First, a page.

Image Processing Reference

In-Depth Information

The number of neighborhood pixels to include in the calculation of the average

image depends on the nature of the uneven illumination, but in general it should be a

very high number. The method assumes the foreground objects of interest are small

compared to the background. The more this assumption is violated, the worse the

method performs.

4.5

Logic Operations on Binary Images

After thresholding we have a binary image consisting of only white pixels (255)

and black pixels (0). We can combine two binary images using logic operations.

The basic logic operations are NOT, AND, OR, and XOR (exclusive OR). The NOT

operation do not combine two images but only works on one at a time. NOT simply

means to invert the binary image. That is, if a pixel has the value 0 in the input it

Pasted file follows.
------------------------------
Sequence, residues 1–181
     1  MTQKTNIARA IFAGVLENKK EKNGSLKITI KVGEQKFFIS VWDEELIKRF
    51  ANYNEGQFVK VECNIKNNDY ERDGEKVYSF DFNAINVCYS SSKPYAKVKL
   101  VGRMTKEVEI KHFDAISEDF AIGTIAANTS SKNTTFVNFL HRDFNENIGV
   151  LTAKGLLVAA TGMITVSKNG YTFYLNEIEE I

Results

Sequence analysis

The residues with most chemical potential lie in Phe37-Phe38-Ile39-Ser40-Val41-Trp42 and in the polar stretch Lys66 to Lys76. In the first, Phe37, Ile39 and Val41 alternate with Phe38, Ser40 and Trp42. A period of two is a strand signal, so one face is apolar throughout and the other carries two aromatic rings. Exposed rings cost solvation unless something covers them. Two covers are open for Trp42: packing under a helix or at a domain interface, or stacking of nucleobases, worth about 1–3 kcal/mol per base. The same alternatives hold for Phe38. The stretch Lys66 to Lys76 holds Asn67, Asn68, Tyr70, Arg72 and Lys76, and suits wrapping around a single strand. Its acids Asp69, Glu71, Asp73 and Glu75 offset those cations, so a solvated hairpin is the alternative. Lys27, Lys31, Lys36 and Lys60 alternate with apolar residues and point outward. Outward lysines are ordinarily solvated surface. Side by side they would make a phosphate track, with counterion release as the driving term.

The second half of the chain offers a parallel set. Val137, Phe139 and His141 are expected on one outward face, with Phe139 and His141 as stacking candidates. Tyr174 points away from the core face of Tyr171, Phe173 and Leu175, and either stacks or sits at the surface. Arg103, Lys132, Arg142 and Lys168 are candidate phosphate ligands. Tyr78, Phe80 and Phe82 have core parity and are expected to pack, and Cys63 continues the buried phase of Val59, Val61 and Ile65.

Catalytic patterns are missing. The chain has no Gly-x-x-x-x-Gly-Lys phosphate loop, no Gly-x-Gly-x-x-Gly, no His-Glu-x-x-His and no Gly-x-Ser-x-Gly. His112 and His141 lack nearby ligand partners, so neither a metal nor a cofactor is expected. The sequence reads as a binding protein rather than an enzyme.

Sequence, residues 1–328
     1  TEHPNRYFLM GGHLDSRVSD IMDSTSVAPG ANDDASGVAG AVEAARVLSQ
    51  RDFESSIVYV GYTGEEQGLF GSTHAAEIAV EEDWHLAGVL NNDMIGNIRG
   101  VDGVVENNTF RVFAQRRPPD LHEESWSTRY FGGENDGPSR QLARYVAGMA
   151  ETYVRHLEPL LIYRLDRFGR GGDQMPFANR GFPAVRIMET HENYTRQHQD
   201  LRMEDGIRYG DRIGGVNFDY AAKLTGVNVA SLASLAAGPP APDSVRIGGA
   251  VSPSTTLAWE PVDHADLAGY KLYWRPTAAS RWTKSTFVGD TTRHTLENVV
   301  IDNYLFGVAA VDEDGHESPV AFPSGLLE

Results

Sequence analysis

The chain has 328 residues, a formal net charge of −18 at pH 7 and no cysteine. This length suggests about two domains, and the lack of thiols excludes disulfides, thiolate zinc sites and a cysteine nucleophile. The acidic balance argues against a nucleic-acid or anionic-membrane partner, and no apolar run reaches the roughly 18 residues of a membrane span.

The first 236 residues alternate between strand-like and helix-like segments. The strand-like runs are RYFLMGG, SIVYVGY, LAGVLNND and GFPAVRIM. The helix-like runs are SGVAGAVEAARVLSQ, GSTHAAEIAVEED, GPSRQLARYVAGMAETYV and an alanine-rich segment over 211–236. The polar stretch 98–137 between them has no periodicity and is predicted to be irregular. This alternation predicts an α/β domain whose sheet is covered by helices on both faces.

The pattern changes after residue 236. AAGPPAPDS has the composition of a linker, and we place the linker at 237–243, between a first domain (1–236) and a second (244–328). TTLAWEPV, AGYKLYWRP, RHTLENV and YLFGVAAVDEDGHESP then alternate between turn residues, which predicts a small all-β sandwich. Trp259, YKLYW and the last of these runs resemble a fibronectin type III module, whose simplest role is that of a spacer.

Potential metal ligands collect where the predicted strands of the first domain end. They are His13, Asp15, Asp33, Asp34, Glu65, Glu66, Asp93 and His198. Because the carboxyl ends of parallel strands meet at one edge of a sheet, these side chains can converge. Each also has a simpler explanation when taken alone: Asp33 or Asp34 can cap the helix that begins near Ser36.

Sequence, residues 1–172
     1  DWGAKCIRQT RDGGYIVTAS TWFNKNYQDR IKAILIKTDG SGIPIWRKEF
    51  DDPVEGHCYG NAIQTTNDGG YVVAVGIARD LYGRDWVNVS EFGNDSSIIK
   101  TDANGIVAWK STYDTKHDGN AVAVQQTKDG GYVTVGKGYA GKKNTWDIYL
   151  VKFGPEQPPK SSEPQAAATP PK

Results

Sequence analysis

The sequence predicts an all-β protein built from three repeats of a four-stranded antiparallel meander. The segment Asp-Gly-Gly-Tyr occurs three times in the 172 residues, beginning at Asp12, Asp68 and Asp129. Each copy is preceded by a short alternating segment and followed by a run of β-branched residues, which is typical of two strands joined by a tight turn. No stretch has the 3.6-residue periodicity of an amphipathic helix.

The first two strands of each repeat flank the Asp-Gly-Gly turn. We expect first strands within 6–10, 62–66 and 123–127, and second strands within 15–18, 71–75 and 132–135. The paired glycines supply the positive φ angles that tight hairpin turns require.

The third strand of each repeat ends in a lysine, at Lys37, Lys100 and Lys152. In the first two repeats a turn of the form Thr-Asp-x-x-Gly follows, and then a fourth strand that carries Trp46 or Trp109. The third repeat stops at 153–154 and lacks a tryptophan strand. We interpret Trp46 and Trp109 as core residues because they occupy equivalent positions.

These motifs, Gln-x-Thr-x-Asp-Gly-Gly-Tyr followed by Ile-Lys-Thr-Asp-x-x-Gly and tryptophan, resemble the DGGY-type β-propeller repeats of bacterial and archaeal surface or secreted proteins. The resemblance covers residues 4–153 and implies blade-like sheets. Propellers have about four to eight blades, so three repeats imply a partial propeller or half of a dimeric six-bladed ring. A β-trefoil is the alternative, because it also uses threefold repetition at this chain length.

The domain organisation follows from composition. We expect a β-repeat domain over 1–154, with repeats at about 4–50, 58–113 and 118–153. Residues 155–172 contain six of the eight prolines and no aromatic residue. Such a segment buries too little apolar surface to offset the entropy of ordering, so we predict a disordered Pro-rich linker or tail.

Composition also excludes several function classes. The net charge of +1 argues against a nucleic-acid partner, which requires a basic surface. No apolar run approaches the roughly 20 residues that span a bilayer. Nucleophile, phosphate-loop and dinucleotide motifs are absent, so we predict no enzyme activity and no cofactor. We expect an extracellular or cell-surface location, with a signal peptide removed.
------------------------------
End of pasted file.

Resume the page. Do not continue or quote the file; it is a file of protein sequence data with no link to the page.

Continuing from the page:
will have the value 255 in the output, and if the input is 255 the output will be 0.

The three other basic logic operations combine two images into one output. Their

operations are described using a so-called
truth table
. Below the three truth tables

are listed.

A truth table is interpreted in the following way. The left-most column contains

the possible values a pixel in image 1 can have. The topmost row contains the pos-

sible values a pixel in image 2 can have. The four remaining values are the output

values. From the truth tables we can for example see that 255 AND 0

=

0, and 0 OR

255

255. In Fig.
4.24
a few other examples are shown. Note that from a program-

ming point of view white can be represented by 1 and only one byte is then required

to represent each pixel. This can save memory and speed up the implementation.

=

4.6

Image Arithmetic

Instead of combining an image with a scalar as in Eq.
4.1
, an image can also be

combined with another image. Say we have two images of equal size,
f
1
(x, y)
and

f
2
(x, y)
. These are combined pixel-wise in the following way:

g(x,y)

=

f
1
(x, y)

+

f
2
(x, y)

(4.16)